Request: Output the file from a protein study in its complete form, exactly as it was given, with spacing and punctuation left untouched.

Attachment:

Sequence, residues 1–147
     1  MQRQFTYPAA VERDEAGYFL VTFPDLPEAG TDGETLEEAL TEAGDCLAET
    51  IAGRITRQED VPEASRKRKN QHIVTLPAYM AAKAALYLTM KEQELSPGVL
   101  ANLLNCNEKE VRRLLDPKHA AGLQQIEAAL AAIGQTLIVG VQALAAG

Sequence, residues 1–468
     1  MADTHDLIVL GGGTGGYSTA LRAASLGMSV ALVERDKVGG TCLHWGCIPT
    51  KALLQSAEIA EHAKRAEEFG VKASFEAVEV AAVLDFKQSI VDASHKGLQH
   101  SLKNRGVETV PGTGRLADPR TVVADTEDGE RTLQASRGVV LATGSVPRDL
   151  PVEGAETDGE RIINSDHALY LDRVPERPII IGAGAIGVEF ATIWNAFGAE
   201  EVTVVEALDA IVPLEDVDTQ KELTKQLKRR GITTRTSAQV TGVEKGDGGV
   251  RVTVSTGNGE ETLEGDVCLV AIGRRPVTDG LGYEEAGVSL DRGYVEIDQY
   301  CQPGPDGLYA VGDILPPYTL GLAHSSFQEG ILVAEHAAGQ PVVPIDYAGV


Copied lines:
Sequence, residues 1–147
     1  MQRQFTYPAA VERDEAGYFL VTFPDLPEAG TDGETLEEAL TEAGDCLAET
    51  IAGRITRQED VPEASRKRKN QHIVTLPAYM AAKAALYLTM KEQELSPGVL
   101  ANLLNCNEKE VRRLLDPKHA AGLQQIEAAL AAIGQTLIVG VQALAAG

Sequence, residues 1–468
     1  MADTHDLIVL GGGTGGYSTA LRAASLGMSV ALVERDKVGG TCLHWGCIPT
    51  KALLQSAEIA EHAKRAEEFG VKASFEAVEV AAVLDFKQSI VDASHKGLQH
   101  SLKNRGVETV PGTGRLADPR TVVADTEDGE RTLQASRGVV LATGSVPRDL
   151  PVEGAETDGE RIINSDHALY LDRVPERPII IGAGAIGVEF ATIWNAFGAE
   201  EVTVVEALDA IVPLEDVDTQ KELTKQLKRR GITTRTSAQV TGVEKGDGGV
   251  RVTVSTGNGE ETLEGDVCLV AIGRRPVTDG LGYEEAGVSL DRGYVEIDQY
   301  CQPGPDGLYA VGDILPPYTL GLAHSSFQEG ILVAEHAAGQ PVVPIDYAGV